Among the myriad tactics Republicans are using to sabotage the Affordable Care Act, the "coverage gap" is perhaps the most visible. Because 26 GOP-led states have refused to accept the federally-funded expansion of Medicaid to their residents earning up to 138% of the poverty level, at least five million Americans will needlessly be left without health insurance in 2014. As it turns out, that Republican rejection will deal a second body blow to the red state health care systems that need help most by draining funds from hospitals that currently serve the uninsured.
As the New York Times reported, Memorial Hospital in Savannah, Georgia "is now facing the loss of nearly half of its roughly $100 million in annual subsidies known as disproportionate share hospital payments." The Times explained how the Republican temper tantrum after the Supreme Court made Medicaid expansion optional for the states is putting red state hospitals at risk:
Now, in a perverse twist, many of the poor people who rely on safety-net hospitals like Memorial will be doubly unlucky. A government subsidy, little known outside health policy circles but critical to the hospitals' survival, is being sharply reduced under the new health law.As we'll see below, Savannah Memorial has plenty of company in Georgia.
The subsidy, which for years has helped defray the cost of uncompensated and undercompensated care, was cut substantially on the assumption that the hospitals would replace much of the lost income with payments for patients newly covered by Medicaid or private insurance. But now the hospitals in states like Georgia will get neither the new Medicaid patients nor most of the old subsidies, which many say are crucial to the mission of care for the poor.
Republican Governor Nathan Deal said no to $33 billion in new federal Medicaid funding over the next decade. But as the federal government significantly reduces funding on Disproportionate Share Hospital (DSH) payments for the care of the uninsured, states like Georgia which turned down Obamacare's Medicaid dollars will be on the hook to make up the difference. For Grady Memorial Hospital, the largest in the metro Atlanta area, what could have been an annual boon of $60 million and coverage for 27,000 uninsured patients instead will be a $45 million loss. Georgia taxpayers will have to pay more even as hospitals likely cut services. Meanwhile, three cash-strapped rural hospitals have already closed their doors. Another 15 may follow suit in 2014. All because a Republican Governor said "no" to free money from Washington, DC.
And the funding is virtually free to the states. The federal government will pay for 100 percent of the cost of the Medicaid expansion until 2017 and 90 percent after that. But the billions the "opt-out" states will have to come up with in future years will be more than offset by their extra costs to compensate hospitals and other providers for the care of the uninsured. As Ezra Klein and Evan Soltas summed up an analysis by the RAND Corporation of 14 Medicaid rejecting states:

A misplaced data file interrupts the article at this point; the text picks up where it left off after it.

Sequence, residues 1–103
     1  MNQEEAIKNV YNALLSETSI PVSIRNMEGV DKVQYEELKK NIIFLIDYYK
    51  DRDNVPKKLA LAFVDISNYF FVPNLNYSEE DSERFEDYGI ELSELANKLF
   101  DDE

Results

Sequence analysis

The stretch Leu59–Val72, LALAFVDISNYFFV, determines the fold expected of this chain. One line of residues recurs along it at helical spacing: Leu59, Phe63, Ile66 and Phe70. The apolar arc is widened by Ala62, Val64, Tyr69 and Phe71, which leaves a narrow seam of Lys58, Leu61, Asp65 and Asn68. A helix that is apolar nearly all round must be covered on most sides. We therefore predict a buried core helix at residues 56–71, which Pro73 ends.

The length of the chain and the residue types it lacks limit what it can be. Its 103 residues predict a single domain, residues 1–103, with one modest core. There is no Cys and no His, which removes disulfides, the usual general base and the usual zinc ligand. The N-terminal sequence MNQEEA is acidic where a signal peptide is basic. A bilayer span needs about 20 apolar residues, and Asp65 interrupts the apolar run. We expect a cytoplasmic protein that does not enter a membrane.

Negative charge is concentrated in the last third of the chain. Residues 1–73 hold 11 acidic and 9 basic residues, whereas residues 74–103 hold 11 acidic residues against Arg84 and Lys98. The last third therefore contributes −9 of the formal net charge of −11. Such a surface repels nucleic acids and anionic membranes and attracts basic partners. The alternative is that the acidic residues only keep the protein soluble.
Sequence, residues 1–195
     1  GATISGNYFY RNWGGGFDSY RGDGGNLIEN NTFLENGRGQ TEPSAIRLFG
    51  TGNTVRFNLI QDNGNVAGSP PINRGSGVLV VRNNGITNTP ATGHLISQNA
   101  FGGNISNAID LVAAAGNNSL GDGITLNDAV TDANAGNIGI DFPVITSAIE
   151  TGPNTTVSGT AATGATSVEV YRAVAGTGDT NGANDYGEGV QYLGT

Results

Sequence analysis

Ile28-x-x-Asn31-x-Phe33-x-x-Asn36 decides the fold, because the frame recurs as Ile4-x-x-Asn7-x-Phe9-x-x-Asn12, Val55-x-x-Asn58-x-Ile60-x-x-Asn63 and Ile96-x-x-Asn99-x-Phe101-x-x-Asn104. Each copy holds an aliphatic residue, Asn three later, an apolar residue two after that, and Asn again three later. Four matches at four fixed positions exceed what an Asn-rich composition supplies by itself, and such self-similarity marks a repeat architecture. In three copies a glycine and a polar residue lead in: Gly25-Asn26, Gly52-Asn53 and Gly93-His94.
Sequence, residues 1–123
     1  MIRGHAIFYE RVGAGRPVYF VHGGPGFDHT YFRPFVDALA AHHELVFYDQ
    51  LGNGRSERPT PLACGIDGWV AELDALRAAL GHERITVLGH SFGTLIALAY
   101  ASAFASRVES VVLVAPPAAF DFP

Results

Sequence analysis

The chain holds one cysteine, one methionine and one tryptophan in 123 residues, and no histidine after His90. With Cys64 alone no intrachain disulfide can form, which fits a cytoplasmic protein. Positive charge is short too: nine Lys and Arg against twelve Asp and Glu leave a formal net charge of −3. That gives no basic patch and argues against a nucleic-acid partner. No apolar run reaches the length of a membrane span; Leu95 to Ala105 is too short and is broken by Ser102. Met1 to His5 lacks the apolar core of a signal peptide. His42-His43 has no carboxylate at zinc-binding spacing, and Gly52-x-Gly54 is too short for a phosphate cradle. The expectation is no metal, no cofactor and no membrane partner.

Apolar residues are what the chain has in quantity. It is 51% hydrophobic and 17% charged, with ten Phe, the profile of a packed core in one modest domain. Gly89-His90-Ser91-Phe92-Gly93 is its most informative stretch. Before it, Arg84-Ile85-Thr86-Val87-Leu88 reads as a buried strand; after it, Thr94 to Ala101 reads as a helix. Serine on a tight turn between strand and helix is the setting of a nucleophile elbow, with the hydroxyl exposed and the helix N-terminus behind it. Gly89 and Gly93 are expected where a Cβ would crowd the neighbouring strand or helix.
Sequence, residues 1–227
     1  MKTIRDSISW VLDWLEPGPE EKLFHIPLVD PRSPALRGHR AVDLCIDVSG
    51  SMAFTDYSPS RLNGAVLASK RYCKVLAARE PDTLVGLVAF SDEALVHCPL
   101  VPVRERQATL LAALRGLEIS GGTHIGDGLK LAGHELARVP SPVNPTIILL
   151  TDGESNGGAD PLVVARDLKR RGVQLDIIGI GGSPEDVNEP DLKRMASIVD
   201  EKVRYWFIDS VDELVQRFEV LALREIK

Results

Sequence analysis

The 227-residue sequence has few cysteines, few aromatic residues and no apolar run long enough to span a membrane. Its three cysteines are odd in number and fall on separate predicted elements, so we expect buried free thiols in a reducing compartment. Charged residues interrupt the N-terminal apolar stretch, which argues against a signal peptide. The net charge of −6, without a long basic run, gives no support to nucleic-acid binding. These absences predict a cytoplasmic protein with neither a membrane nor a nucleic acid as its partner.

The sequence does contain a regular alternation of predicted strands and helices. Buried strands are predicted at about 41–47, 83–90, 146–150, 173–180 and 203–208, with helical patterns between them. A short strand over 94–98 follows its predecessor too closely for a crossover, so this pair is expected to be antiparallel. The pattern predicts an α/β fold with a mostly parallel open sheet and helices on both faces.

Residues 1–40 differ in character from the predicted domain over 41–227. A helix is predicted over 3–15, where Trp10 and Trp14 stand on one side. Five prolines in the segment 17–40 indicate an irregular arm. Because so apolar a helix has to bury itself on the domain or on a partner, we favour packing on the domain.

It finds that the result will be they get $8.4 billion less in federal funding, have to spend an extra $1 billion in uncompensated care, and end up with about 3.6 million fewer insured residents.Which is just one of the reasons why an increasing number of red state governors are accepting the dollars from DC. GOP governors in Michigan, Pennsylvania and Ohio ran the numbers. In Ohio, Governor John Kasich's decision to take Washington's money will actually produce a $400 million surplus for the Buckeye State (one which Republican legislators want to give away in the form of more tax cuts). The simple math-and simpler consideration in insuring millions of indigent patients as the DSH funding is reduced over time is precisely why hospital associations in Texas, Kentucky, Georgia, Mississippi, North Carolina and every other state pleaded with Republican governors and legislatures to take Obamacare's money for Medicaid expansion. Just last week, the Fitch ratings agency released a special report titled, "Adverse Expansion: Hospitals, States and Medicaid," which warned that:
So then, the math works out like this: States rejecting the expansion will spend much more, get much, much less, and leave millions of their residents uninsured. That's a lot of self-inflicted pain to make a political point.
"Hospitals operating in states not expanding Medicaid, which usually have higher uninsured and poverty rates, will have to absorb the full impact of the ACA reimbursement cuts without the full benefit of increased insured volumes," said Adam Kates, Director in Fitch's Public Finance group. Texas, Florida, Georgia, Louisiana, Mississippi, and South Carolina are not expanding Medicaid and have among the highest uninsured and poverty rates, and some of the most stringent Medicaid eligibility requirements. Fitch believes hospitals in these states, particularly those with weak payer mixes, will be particularly vulnerable.It's no wonder Arizona Governor Jan Brewer, certainly no friend of Barack Obama, explained her decision to extend Medicaid coverage to 300,000 more people in her state this way:
"It's pro-life, it's saving lives, it is creating jobs, it is saving hospitals."Meanwhile in Georgia, Matthew Hicks, vice president for government relations at Grady lamented:
"The conversation we are having with the congressional delegation goes like this, 'If we don't expand Medicaid, what is the Georgia solution to indigent care?' So far they don't have an answer."Sadly, the Republican answer to the low-income uninsured and the hospitals which care for them is pretty clear. Better dead and in the red than in bed with Obamacare.